In Today’s Deep Space Extra… NASA’s Osiris-Rex sample return mission is set to maneuver close to the surface of the asteroid Bennu on Tuesday as part of a major rehearsal. NASA’s Dawn mission reveals surface features on the dwarf planet Ceres similar to those on the Earth and Mars linked to possible habitable environments. A new policy document signals the future course of a U.S. Space Force.
Human Space Exploration
Russia’s space leader blusters about Mars in the face of stiff budget cuts
Ars Technica (8/10): The head of Russia’s civil space program, Dmitry Rogozin, appears to be over-reaching with recent claims his agency is prepared to launch explorers to Mars within 10 years, with sufficient financing. At the same time, he aspires to build a rocket that could be relaunched 100 times. However, Russia’s civil space program, funded at the equivalent of $2.4 billion annually, is facing potential substantial cuts over the next three years, according to the report.
NASA’s OSIRIS-REx is one rehearsal away from touching asteroid Bennu
NASA Goddard Space Flight Center (8/6): Launched in September 2016, NASA’s OSIRIS-REx mission spacecraft reached the asteroid Bennu in early December 2018 on the agency’s first asteroid sample return mission. On Tuesday, the spacecraft is to dip from its half mile high safe home orbit to rehearse the final stages of the actual brief encounter with Bennu’s surface planned for October 20 to gather a sample. The first in the series of complex automated maneuvers were demonstrated successfully during an April rehearsal. Tuesday’s “Matchpoint” rehearsal will bring the spacecraft to an altitude of 131 feet before it retreats. If all goes well, OSIRIS-REx would touchdown briefly in October at a site called Nightingale to collect pebbles and soil. The sample is scheduled to be returned to Earth for a parachute assisted landing at the U.S. Army’s Utah Test and Training Range on September 24, 2023.
This giant crater on Ceres with bright spots may be the most fascinating place in the solar system
Space.com (8/10): A collection of seven research papers published in a spread of Nature journals on Monday assess findings from the final months of NASA’s Dawn mission first to the asteroid Vesta and then to the dwarf planet Ceres. During the mission’s final months, Dawn orbited the Ceres at an altitude of 22 miles with a special focus on the surface features of the 22-million-year-old, nearly 60 mile wide Occator crater. Stereo imagery reveals surface features that evolved thanks to heat from the impact and subsurface water with a chemistry that could have offered a prebiotic, perhaps biotic environment. The findings suggest planetary bodies smaller than the Earth and Mars may undergo hydrogeological processes favorable to the rise of habitable environments.
NASA’s Mars mole is officially “dug in”
Futurism (8/10): NASA’s Mars InSight lander touched down at the red planet in November 2018 to conduct unprecedented studies of the Martian crust, mantle and core. Soon though, one of the primary instruments, the Heat Flow and Physical Properties Package, or “mole” experienced the first in a succession of difficulties hammering its way into the subsurface. The German Aerospace Center, which provided the instrument, reports the instrument is now buried and poised to pound its way to a depth of 10 feet to begin its science mission.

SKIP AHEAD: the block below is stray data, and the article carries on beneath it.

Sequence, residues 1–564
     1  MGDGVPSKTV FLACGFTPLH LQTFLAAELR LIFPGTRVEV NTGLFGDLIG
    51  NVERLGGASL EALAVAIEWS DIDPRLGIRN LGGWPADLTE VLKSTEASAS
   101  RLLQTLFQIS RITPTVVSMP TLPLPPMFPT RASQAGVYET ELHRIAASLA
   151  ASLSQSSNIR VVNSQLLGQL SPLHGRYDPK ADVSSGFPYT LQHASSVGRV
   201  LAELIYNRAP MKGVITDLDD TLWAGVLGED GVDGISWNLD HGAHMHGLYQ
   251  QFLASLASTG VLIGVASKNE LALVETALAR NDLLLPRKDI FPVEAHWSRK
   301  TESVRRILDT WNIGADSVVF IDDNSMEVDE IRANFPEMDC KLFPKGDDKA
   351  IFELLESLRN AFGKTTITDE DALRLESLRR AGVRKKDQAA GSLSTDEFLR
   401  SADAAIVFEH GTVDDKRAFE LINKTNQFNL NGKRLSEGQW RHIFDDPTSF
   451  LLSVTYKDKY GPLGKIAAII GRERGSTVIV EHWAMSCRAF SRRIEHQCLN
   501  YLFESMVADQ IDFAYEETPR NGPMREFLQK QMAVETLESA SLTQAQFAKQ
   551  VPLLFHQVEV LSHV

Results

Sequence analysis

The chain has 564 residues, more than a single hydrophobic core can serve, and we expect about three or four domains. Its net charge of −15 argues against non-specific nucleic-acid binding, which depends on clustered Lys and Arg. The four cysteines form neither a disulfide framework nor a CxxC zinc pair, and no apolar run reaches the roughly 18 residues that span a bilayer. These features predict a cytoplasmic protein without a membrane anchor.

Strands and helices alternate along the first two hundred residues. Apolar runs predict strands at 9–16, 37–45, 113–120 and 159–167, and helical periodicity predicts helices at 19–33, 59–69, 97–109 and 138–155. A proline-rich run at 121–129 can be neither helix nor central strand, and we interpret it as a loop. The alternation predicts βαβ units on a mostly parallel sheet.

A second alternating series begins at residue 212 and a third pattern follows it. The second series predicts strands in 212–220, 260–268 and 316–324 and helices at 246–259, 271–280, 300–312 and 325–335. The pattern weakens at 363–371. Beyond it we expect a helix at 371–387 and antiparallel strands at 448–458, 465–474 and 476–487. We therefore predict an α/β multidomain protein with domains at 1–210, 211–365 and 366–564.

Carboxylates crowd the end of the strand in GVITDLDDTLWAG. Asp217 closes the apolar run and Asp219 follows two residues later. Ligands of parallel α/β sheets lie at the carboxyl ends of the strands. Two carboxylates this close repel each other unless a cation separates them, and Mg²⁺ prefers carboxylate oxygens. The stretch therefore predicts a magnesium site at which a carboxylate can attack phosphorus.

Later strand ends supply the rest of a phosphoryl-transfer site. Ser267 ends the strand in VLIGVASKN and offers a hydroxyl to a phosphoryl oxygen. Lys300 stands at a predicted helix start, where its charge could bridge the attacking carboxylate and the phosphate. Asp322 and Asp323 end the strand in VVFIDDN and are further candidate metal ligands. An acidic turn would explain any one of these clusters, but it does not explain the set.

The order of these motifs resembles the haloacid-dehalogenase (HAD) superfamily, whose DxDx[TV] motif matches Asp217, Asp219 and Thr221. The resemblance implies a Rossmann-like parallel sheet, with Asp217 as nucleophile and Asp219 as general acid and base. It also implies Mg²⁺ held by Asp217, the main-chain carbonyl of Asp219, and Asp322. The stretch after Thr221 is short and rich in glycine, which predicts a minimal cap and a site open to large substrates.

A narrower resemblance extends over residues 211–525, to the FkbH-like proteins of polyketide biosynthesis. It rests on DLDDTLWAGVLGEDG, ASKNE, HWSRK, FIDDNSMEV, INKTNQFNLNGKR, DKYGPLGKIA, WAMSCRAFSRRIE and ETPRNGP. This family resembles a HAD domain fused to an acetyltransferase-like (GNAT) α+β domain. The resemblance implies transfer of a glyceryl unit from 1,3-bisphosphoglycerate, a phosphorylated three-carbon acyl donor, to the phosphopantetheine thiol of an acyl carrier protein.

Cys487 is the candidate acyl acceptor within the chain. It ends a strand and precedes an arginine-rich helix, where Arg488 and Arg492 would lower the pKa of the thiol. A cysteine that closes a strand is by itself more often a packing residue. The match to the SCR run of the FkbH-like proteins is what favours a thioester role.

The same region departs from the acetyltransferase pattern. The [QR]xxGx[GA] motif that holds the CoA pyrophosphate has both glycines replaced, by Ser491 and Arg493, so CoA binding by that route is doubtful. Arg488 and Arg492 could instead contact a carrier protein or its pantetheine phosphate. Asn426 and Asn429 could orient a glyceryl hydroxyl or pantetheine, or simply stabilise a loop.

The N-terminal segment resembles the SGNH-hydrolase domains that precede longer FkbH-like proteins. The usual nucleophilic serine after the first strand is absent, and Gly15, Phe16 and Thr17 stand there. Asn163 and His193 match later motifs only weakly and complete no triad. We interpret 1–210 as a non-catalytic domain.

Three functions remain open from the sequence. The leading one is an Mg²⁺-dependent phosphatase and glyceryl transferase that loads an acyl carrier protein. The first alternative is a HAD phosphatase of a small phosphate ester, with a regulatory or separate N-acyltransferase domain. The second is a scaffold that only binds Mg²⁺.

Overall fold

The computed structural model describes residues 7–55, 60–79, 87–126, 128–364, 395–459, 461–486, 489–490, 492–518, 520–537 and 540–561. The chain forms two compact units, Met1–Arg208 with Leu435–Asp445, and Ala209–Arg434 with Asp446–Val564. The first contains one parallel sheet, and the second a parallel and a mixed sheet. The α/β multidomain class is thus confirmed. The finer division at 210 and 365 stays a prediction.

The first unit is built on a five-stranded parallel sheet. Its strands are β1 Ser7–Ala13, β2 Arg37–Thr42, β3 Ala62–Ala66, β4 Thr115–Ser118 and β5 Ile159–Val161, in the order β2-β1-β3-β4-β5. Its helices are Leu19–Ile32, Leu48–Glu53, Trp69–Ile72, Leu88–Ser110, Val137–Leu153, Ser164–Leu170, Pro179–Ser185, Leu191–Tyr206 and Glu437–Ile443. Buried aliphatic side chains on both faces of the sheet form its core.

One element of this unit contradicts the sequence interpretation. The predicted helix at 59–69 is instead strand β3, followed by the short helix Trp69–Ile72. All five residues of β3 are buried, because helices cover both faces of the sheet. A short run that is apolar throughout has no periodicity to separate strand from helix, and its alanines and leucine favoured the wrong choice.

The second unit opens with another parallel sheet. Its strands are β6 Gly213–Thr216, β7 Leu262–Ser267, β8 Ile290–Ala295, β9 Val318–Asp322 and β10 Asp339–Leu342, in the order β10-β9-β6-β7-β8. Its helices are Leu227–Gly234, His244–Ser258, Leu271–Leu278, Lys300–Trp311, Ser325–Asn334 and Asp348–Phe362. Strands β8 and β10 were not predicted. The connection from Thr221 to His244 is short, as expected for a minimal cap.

AURA observatory: 5th anniversary of the first dark sky sanctuary in the world
AURA Astronomy.org (8/10): Few places in the world offer a better opportunity to view the night sky than the AURA observatory in the Andean mountains of northern Chile. Preserving that view from the intrusion of light pollution is critical and even linked to preventing prolonged exposure to light at night as a threat to the depletion of melatonin levels in humans that may have a link to cancer.
NASA cameras catch early fireballs from Perseid meteor shower of 2020
Space.com (8/10): The annual Perseid meteor shower is peaking Tuesday and Wednesday nights. NASA’s All Sky Fireball Network captured images of the display over the weekend. The source is material from the tail of the Comet Swift Tuttle.
Air Force to end agreements with Blue Origin and Northrop Grumman, prepares for launch contract protests
Coalition Members in the News – Northrop Grumman, United Launch Alliance
SpaceNews.com (8/9): It appears that recent U.S. Air Force contract awards to United Launch Alliance (ULA) and SpaceX for the launch of national security payloads could prompt protests from Blue Origin and Northrop Grumman, who were also competing under early phase contracts awarded in October 2018 for development activities through 2024. ULA was also proceeding under terms of the 2018 agreement. A Rand report from earlier this year expressed concerns the Air Force would face diminished competition for the work when it awarded contracts for the upcoming phase.
U.S. Space Force’s first space doctrine signals expansive plans
Spacepolicyonline.com (8/11): The policy document released on Monday is to serve as a guidepost for the future direction of the nation’s newest branch of the military, one that will reach out across the solar system to assist in the pursuit of prosperity and security.
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